Thank you very much.
Thank you, Minister, and thank you to those who are joining you here.
Let me talk just a bit about the procedure and get your thoughts on this. This is a huge bill with a lot of changes to the criminal justice system. It's over 300 pages long and, as you say, it goes into so many different areas. I was somewhat surprised that when we finally started second reading debate, Mr. Cooper, another of our colleagues, and I all got up to speak, and then I was informed I think the next day that time allocation was coming in to shut down the debate.
I'm not going to start arguing about that, but wouldn't you agree, or could we have your support, that this is not something that should take place when it's at third reading? It's important that Parliament debate these different issues and debate not be quickly shut down, because there was no suggestion on, I'm sure, my or Mr. Cooper's part that we were going to somehow keep talking about this ad infinitum.
Your thoughts...?
View Rob Nicholson Profile
CPC (ON)
Thank you for that, but again, I'm hoping that when the time comes and we do debate it at third reading that the importance of this bill will justify having a considerable debate without cutting it off initially.
With respect to the hybridization of the offences, we're talking about over a hundred proposals to make indictable offences also eligible for summary conviction. I've heard from some people at the provincial level that this may fill up and jam the provincial courts, as opposed to the superior courts, if they opt for the summary conviction, but you say that the provinces were overwhelmingly in support of this. Did they say that formally or was it the result of an informal discussion? Who exactly at the provincial level been pushing for these?
View Rob Nicholson Profile
CPC (ON)
I'd be very interested to hear from some of them, because, as I say, I've heard that some of them are quite concerned that the provincial courts will be jammed.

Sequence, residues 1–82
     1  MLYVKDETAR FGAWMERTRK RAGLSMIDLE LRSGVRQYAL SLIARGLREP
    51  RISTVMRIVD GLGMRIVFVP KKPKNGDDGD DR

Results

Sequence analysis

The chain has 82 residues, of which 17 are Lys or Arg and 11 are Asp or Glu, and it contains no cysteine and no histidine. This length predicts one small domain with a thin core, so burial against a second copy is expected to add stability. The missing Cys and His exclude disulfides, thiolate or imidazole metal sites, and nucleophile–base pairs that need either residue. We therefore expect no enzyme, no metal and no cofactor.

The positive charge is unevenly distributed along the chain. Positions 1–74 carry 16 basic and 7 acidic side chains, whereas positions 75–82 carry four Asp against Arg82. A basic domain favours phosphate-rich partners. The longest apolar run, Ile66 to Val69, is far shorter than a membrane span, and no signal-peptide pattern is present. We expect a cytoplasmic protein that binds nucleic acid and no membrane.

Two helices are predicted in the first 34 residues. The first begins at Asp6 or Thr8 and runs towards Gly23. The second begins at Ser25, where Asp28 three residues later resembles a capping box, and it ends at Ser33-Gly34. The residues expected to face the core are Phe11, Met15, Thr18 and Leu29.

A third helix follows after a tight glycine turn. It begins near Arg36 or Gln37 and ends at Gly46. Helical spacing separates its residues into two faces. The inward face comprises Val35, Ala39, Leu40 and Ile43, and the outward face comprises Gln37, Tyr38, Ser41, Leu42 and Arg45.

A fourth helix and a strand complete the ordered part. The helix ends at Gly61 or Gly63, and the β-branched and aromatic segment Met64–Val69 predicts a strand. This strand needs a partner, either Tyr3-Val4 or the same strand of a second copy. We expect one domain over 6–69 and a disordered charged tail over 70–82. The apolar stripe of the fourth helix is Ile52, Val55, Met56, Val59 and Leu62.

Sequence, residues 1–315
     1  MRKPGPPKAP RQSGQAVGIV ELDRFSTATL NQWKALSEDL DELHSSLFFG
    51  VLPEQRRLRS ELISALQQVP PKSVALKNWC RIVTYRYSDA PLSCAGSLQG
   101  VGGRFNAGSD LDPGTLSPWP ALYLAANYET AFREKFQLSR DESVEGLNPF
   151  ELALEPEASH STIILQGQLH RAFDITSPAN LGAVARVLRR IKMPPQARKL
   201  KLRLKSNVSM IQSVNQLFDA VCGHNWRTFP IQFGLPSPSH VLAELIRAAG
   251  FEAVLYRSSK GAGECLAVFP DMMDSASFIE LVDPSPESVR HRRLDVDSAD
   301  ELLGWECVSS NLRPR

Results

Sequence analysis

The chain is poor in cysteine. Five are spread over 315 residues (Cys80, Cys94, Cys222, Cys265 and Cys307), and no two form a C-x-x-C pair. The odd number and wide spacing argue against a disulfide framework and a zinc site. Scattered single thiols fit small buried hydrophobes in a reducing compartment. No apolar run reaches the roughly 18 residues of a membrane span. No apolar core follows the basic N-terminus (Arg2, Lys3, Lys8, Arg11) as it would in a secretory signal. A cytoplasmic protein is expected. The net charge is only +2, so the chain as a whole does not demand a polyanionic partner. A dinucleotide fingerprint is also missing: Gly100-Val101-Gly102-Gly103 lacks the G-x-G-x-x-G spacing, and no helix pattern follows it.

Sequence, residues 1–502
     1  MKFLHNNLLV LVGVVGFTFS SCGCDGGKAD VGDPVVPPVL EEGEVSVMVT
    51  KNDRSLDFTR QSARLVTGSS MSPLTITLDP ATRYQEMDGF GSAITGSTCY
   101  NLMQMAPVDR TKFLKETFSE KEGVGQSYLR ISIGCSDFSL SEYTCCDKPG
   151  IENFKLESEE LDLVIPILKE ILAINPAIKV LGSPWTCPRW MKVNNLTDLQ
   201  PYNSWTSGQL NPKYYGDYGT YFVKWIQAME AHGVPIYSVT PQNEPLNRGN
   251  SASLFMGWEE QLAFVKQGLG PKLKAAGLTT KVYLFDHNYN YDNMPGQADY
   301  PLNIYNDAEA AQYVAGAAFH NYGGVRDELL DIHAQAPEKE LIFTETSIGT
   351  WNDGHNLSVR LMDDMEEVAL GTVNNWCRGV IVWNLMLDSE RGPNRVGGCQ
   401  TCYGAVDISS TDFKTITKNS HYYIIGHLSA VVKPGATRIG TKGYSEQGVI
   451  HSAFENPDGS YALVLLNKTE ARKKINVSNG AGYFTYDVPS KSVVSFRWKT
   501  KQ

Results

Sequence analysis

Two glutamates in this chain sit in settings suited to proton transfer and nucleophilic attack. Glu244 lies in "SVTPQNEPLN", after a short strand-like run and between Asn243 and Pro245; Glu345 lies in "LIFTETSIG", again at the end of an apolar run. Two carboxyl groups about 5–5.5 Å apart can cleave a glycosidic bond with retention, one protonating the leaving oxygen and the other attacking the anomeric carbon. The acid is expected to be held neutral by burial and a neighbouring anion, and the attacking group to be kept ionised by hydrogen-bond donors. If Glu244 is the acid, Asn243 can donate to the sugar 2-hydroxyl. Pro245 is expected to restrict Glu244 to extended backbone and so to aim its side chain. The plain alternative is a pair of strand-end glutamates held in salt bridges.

With respect to the clogging up of our courts, if we give this opportunity to somebody participating in a terrorist group, for instance, and if that person has the opportunity to have that reduced to a summary conviction and to have the possibility, I suppose, of even a fine, in one sense I suppose that would speed up the process here. If you're a member of a terrorist group and you get the option of getting a summary conviction, or if somebody says you're going to have to pay $1,000 fine, I could see that, yes, you wouldn't be taking up much time in the court system. You'd say, “Jeepers, give me that one and I'm out of here.”
On the other hand, there are people who would seriously question whether the whole list of these offences are of the type that they should never have the possibility of receiving a summary conviction or a very low penalty, because these offences, in and of themselves, are very serious. Have you been getting any feedback on this, or are are there people talking to you who are supportive of reducing the possibility of these penalties being imposed?
View Rob Nicholson Profile
CPC (ON)
Thank you very much, and thank you, Minister.
Your last comment was one of the first things I was going to ask about, with respect to the unified family court. Have you had any uptake or feedback from the provinces with respect to this? Generally this would have to be a consolidation of the courts in a particular area. What have you heard from them so far?